Visited Lau Nau: Wild/Captive at Blank Forms last weekend. Modular synth beats from multiple directions, blended with field recordings from the woods and organ-toned melodies. Many of the nature-sound-trips I’ve heard in the city (Bánh Mì Verlag/Control gigs) have been based on field recording too. They have underlined the differences of technological and natural soundscapes, moving from nature-like-sound towards machine-like-sounds (the narrative contrasts them and makes technological sounds feel disrupting). In Naukkarises’ piece the organ-toned melodies (from an accordion?) blended into nature sounds seamlessly. It was a tad romantic, but welcome. It felt hopeful.

Visited Storm King Art Center last Monday with the ISCP-crew. There were also people from other residents such as Eye Beam at the trip but unfortunately we didn’t have time to mingle (it was so cold outside). The endless display of gigantic rusty metal sculptures was depressing but there were some pretty vistas, fresh air and decent artworks on display too.

Mary Mattingly’s Along the Lines of Displacement: A Tropical Food Forest (2018) is a series of tropical trees planted to the cold New York terrain. The palm trees were intentionally displaced, as an absurd and uplifting response to global warming. They are destined to die during the winter, which makes the piece into a memento mori plant-life arrangement. Being non-native to New York I didn’t understand that the trees were unsuited to the climate (palm trees in New York pass my radar).

There was  a really nice video Wolf Nation (2018) by Alan Michelson on display inside the exhibition center. Michelson had found a remarkable stretch of footage from a disregarded wildlife film, which showed a pack of wolves observing their territory on top of a small hill for 10 minutes. They choreographed different kinds of collective arrangements, reacting to other inhabitants of the site and moved in an out the frame periodically. The wildlife film was found footage and Michelson had connected it with a soundtrack. The work referred to the New York Lenape people (Wolf Tribe).

Visited Remy Jungerman’s Based In exhibition at robert henry contemporary on Friday. I had no prior knowledge of his work and decoding its visual language took a while. Luckily Jungerman gave visitors short introduction to the works. As I understood the pieces were tools for identifying blind-spots that modern art and modernistic thinking has in relation to spirituality and otherness. The sculptures in the gallery felt like miniature models of modern cities or container ships. Each had a few iron-nails hammered into it. At first I thought that this was reference to the absence of materiality (in modern design) but the nails were possibly referring to religious practices in which nails are hammered into figurative sculptures as a sacrifice.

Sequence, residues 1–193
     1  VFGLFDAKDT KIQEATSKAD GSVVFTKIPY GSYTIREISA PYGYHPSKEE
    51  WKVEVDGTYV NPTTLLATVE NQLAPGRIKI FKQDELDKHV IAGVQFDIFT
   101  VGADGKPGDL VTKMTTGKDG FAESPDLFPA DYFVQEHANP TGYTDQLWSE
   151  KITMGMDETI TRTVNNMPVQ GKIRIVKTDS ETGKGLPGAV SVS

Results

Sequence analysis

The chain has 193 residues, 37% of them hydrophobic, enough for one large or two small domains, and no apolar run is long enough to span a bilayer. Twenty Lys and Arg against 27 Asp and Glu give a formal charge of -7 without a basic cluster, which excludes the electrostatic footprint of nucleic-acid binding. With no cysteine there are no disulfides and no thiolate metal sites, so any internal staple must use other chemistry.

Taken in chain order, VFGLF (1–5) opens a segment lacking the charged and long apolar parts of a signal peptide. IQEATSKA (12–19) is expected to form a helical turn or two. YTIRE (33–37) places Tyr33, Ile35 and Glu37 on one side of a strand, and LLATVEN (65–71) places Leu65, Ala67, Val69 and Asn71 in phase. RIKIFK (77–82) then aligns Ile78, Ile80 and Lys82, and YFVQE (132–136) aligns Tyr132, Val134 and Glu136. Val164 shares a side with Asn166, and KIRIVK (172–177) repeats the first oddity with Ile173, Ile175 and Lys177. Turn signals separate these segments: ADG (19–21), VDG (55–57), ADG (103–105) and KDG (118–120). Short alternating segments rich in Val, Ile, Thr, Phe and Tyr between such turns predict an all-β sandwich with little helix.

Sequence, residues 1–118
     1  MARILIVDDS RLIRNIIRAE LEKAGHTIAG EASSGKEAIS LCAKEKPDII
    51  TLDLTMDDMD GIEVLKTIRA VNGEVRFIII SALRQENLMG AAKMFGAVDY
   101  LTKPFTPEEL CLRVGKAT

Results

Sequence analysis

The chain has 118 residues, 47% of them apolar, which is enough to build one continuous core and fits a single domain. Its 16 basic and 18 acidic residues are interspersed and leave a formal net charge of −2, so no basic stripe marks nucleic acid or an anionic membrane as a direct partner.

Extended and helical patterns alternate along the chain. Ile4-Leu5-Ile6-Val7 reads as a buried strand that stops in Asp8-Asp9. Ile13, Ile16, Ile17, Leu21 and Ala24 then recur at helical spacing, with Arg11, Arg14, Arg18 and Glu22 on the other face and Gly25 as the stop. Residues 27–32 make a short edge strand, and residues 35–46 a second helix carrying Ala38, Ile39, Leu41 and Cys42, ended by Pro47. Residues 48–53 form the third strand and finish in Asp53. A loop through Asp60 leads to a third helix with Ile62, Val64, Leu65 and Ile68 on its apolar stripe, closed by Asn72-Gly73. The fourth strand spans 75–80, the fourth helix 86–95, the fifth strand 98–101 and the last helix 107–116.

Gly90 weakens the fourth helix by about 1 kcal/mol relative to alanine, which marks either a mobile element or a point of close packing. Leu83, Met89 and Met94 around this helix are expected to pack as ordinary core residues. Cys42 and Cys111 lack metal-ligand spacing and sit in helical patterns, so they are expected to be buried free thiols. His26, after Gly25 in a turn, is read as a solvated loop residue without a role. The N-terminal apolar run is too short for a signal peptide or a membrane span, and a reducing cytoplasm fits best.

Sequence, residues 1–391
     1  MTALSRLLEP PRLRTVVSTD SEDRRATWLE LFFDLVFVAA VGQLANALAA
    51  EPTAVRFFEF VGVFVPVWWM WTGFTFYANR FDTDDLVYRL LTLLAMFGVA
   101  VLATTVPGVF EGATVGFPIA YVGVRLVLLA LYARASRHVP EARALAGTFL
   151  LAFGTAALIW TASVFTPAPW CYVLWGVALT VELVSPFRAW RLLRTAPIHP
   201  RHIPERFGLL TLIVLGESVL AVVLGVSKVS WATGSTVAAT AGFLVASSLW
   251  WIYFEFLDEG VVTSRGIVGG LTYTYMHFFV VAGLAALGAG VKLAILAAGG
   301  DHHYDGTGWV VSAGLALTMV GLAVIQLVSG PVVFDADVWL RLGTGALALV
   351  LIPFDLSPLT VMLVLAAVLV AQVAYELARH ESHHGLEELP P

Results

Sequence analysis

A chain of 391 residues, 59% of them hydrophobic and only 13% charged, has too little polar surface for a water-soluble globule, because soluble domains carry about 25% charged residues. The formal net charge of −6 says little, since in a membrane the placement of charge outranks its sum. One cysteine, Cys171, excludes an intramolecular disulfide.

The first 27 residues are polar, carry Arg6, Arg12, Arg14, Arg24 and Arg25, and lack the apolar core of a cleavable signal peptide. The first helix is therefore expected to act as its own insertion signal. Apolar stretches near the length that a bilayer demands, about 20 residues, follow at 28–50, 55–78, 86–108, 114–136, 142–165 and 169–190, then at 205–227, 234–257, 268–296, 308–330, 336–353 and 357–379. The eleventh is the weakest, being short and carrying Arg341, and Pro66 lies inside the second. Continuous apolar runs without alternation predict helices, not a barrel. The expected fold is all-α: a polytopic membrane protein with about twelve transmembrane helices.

Participated in a Lorre-Mill uTone build workshop at Control yesterday. The uTone “uses CMOS logic, a resistor ladder, and a few other simple pieces to create audio forms. The scale inherent in this instrument is the undertone series, giving divisions of the main clock frequency”. Here is more about the design. We build our uTone units in four hours, hooked them together for a jam and chatted briefly about the topography of the circuit. I learned how to read resistor values from color codes a little better. Unfortunately the workshop was too short, we didn’t learn more about Will Schorre’s views on design and sounds (here is an interesting post on his website on prototyping). I would have also liked to learn more what the uTone is capable of. It has two inputs. I’m in the process of adding an 3,5mm TS Jack -> Banana Jack port/adapter to the device to integrate it with other gear.

We drafted a proposal with Ilari to have a publication on land- and environmental art conservation (Working title: Notes on Land and Environmental Art Conservation – Critical Approaches to Denes, Holt and Smithson) co-published by the Finnish Cultural Institute in New Yorks and the Fine Art Academy of Helsinki.

Synths and eurorack modules we proposed through the Oodi-modular initiative are currently being acquired by the library staff! We are on our way to a people’s-public-modular of Helsinki.